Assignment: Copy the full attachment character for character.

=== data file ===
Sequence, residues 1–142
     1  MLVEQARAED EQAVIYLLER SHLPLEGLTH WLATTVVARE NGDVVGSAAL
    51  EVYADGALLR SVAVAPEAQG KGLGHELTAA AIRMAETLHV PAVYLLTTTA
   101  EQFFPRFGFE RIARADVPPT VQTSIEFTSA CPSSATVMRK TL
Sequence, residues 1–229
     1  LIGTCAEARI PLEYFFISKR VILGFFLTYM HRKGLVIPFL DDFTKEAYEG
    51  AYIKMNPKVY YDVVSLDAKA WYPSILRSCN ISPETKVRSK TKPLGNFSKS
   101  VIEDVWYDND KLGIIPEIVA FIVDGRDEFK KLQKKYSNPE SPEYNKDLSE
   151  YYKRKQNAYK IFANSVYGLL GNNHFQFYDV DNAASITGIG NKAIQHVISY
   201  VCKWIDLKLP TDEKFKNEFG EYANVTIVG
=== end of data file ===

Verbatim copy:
Sequence, residues 1–142
     1  MLVEQARAED EQAVIYLLER SHLPLEGLTH WLATTVVARE NGDVVGSAAL
    51  EVYADGALLR SVAVAPEAQG KGLGHELTAA AIRMAETLHV PAVYLLTTTA
   101  EQFFPRFGFE RIARADVPPT VQTSIEFTSA CPSSATVMRK TL
Sequence, residues 1–229
     1  LIGTCAEARI PLEYFFISKR VILGFFLTYM HRKGLVIPFL DDFTKEAYEG
    51  AYIKMNPKVY YDVVSLDAKA WYPSILRSCN ISPETKVRSK TKPLGNFSKS
   101  VIEDVWYDND KLGIIPEIVA FIVDGRDEFK KLQKKYSNPE SPEYNKDLSE
   151  YYKRKQNAYK IFANSVYGLL GNNHFQFYDV DNAASITGIG NKAIQHVISY
   201  VCKWIDLKLP TDEKFKNEFG EYANVTIVG